Oopjen et Marten

The eternal love

One of the most famous couples in the history of art, painted by Rembrandt in 1634, the Soolmans are reinterpreted by Rachel Convers for ibride.

It is through the figure of rare birds in full courtship that lovers join the emblematic collection of the Galerie de Portraits.

Maerten Ibride Plateau


​With his proud appearance and haughty stance, Maerten lets small butterflies emerge from a golden cage like messengers of good luck... 

While a flutter of wings carries one of them on his motionless hand, the husband's peaceful gaze carries his assurance. 


Oopjen's femininity is underlined by her fan of white feathers and a rose that shows off her round belly.

A mole in the corner of her eye punctuates her head and the lace of her clothes is one with her white plumage.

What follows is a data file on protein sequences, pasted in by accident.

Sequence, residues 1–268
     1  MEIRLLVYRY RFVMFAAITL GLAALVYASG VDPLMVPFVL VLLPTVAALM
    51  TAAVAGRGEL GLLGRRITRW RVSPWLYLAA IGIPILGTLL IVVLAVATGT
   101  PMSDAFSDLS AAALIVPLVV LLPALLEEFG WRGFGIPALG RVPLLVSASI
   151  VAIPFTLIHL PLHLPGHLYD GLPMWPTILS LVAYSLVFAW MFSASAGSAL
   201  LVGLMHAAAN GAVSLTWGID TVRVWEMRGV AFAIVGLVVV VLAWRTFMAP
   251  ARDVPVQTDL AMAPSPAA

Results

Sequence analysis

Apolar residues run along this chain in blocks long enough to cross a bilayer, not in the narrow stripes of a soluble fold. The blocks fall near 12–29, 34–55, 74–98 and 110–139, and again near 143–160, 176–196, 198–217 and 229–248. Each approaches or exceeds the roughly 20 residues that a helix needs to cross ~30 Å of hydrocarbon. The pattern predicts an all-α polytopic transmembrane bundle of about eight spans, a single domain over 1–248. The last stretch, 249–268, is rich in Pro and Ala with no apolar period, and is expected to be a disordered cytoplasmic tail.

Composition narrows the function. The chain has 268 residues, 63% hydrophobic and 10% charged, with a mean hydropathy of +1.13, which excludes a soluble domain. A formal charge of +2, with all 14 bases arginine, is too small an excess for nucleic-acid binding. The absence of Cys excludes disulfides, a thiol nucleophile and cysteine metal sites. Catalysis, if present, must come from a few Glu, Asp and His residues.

oopjen Plateau Ibride

A tribute to our cultural heritage, Rachel Convers depicts the couple through portraits of Dutch Capuchin figures, an echo of the painter's origins.

Eternal fidelity is not the only characteristic of this species. In fact, their proud appearance is reflected in the feathery headdress around their necks, giving them that distinctive look.

An inseparable couple

Adorned in their finest attire for their wedding day, these two lovers are linked for eternity. The oil paintings of the Soolmans are the joint property of the Rijksmuseum (Netherlands) and the Louvre (France).

Elles sont ainsi exposées alternativement entre ces deux musées et ne sont jamais séparées. Que ce soit lors de leur conservation, de leur exposition ou même de leur voyage d'un pays à l'autre, les deux œuvres sont complémentaires. C'est donc l'occasion pour la France et le Pays-Bas de présenter au public un couple devenu désormais inséparable.

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